This study provides the first physiological evidence of humans' ability to empathize with robot pain and highlights the difference in empathy for humans and robots. We performed electroencephalography in 15 healthy adults who observed either human- or robot-hand pictures in painful or non-painful situations such as a finger cut by a knife. We found that the descending phase of the P3 component was larger for the painful stimuli than the non-painful stimuli, regardless of whether the hand belonged to a human or robot. In contrast, the ascending phase of the P3 component at the frontal-central electrodes was increased by painful human stimuli but not painful robot stimuli, though the interaction of ANOVA was not significant, but marginal. These results suggest that we empathize with humanoid robots in late top-down processing similarly to human others. However, the beginning of the top-down process of empathy is weaker for robots than for humans.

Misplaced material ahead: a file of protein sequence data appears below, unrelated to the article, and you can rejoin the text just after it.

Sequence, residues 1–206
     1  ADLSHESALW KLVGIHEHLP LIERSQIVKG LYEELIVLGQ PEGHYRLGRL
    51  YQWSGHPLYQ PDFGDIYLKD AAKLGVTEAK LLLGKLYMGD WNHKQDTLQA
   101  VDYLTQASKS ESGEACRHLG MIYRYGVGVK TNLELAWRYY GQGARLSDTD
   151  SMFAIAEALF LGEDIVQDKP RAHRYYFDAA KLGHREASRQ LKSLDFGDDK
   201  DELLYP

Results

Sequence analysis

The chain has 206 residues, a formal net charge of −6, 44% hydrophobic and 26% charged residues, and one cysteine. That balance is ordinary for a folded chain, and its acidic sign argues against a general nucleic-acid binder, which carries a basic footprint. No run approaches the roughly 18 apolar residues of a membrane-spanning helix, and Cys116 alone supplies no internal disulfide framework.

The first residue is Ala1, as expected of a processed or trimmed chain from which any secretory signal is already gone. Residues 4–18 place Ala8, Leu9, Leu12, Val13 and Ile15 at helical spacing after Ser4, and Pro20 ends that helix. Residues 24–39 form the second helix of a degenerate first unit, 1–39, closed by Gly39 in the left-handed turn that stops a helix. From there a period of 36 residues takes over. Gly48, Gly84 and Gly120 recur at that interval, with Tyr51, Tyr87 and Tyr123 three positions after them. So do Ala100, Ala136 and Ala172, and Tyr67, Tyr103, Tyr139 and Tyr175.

Android robots are entering human social life. However, human-robot interactions may be complicated by a hypothetical Uncanny Valley (UV) in which imperfect human-likeness provokes dislike. Previous investigations using unnaturally blended images reported inconsistent UV effects. We demonstrate an UV in subjects' explicit ratings of likability for a large, objectively chosen sample of 80 real-world robot faces and a complementary controlled set of edited faces. An “investment game” showed that the UV penetrated even more deeply to influence subjects' implicit decisions concerning robots' social trustworthiness, and that these fundamental social decisions depend on subtle cues of facial expression that are also used to judge humans. Preliminary evidence suggests category confusion may occur in the UV but does not mediate the likability effect. These findings suggest that while classic elements of human social psychology govern human-robot social interaction, robust UV effects pose a formidable android-specific problem.